New orders for U.S. manufactured durable goods fell 2.5% in June after two months of increases, amid weakness in defense and aircraft purchases, government data showed July 29.
Orders dropped $4.1 billion from May to $158.6 billion, the Commerce Department reported.
The slump was steeper than the 0.6% decline expected, and followed a 1.3% rise in orders in May and a 1.4% rise in April.
The drop suggests ongoing weakness in the manufacturing sector, but a closer look at the data shows some signs of improvement, said Donald Norman, an economist for the Manufacturers Alliance/MAPI.
"The underlying data provide yet another sign that the economy has bottomed out and is starting on the road to recovery," he said. "Most of the weakness was in transportation equipment where new orders were down 12.8%. If transportation equipment orders are netted out, durable goods orders were up 1.1% in June compared to 0.8% in May. As auto manufacturers ramp up production this summer, transportation equipment activity should improve. Further, this is the sixth straight month inventories of durable goods declined. This means that manufacturers will have to increase production to accommodate demand as it picks up."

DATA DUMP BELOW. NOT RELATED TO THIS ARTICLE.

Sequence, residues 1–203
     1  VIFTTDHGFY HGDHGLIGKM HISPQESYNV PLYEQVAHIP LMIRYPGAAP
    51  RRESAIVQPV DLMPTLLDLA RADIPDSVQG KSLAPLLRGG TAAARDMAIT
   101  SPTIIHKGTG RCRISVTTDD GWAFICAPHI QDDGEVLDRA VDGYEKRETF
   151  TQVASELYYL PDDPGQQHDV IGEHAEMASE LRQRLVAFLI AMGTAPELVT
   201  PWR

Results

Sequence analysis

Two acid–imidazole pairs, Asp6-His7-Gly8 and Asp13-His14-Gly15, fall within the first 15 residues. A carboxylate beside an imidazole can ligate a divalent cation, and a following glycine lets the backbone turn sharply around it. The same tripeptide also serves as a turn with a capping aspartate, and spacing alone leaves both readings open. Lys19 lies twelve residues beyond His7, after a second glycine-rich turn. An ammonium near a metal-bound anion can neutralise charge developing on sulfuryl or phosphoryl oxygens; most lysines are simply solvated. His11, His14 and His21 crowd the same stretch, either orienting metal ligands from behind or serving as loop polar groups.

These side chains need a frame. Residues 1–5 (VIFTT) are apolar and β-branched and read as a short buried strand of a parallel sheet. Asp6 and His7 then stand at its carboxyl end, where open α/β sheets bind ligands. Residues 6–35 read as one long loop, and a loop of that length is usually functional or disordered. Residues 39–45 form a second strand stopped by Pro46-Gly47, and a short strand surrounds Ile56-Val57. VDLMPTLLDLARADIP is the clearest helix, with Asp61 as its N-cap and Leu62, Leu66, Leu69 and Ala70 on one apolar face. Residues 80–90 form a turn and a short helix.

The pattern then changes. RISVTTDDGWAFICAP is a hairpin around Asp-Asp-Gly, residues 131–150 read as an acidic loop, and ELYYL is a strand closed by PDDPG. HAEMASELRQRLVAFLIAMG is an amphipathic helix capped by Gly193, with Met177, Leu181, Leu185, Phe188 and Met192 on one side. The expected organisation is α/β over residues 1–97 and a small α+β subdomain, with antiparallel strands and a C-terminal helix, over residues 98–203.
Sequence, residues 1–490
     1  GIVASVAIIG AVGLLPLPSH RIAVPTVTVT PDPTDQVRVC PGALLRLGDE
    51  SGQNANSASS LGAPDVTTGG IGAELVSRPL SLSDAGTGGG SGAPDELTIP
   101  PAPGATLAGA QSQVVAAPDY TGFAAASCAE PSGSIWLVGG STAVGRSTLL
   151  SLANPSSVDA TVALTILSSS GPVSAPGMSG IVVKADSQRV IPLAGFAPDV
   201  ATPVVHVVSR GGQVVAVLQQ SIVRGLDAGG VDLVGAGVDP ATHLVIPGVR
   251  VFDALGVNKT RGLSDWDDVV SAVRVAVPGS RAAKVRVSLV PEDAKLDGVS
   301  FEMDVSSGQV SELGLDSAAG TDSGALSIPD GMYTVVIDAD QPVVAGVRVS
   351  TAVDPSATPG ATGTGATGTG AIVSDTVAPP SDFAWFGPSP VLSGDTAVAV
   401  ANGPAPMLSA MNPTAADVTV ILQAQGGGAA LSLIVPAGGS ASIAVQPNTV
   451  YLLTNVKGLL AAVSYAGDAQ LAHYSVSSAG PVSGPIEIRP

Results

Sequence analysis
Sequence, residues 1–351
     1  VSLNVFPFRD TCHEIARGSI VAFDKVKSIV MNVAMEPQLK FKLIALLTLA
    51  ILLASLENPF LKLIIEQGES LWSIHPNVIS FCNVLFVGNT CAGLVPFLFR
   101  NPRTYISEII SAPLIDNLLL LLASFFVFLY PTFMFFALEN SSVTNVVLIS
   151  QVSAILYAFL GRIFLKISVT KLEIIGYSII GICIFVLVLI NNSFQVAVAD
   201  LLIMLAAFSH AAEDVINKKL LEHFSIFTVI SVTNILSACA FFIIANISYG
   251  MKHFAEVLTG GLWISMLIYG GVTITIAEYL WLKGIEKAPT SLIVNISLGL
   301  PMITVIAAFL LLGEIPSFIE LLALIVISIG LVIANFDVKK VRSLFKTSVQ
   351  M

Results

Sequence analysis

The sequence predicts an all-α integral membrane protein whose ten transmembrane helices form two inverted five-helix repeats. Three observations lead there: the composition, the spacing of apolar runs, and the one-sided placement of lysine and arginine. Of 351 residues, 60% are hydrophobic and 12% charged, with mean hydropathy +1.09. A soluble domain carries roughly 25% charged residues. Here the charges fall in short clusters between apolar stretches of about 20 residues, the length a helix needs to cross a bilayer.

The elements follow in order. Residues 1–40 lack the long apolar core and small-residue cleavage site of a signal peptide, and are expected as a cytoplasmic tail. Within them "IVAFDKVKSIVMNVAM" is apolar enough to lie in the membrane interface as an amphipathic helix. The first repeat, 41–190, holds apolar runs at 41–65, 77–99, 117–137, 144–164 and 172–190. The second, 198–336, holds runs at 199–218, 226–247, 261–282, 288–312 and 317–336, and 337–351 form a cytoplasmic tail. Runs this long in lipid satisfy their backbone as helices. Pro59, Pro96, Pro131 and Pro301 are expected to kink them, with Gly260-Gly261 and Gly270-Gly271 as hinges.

Excluding defense, where orders have declined in nine of the past 11 months, durable goods orders fell 0.7% from May.
Orders for durable goods excluding defense and aviation, which generally signal companies' investment in their means of production, climbed 1.4% in June, after leaping 4.3% in May.
Shipments of durable goods slipped 0.2% in June, after a steeper 2.6% decline in the preceding month.
IW staff contributed to this report
Copyright Agence France-Presse, 2009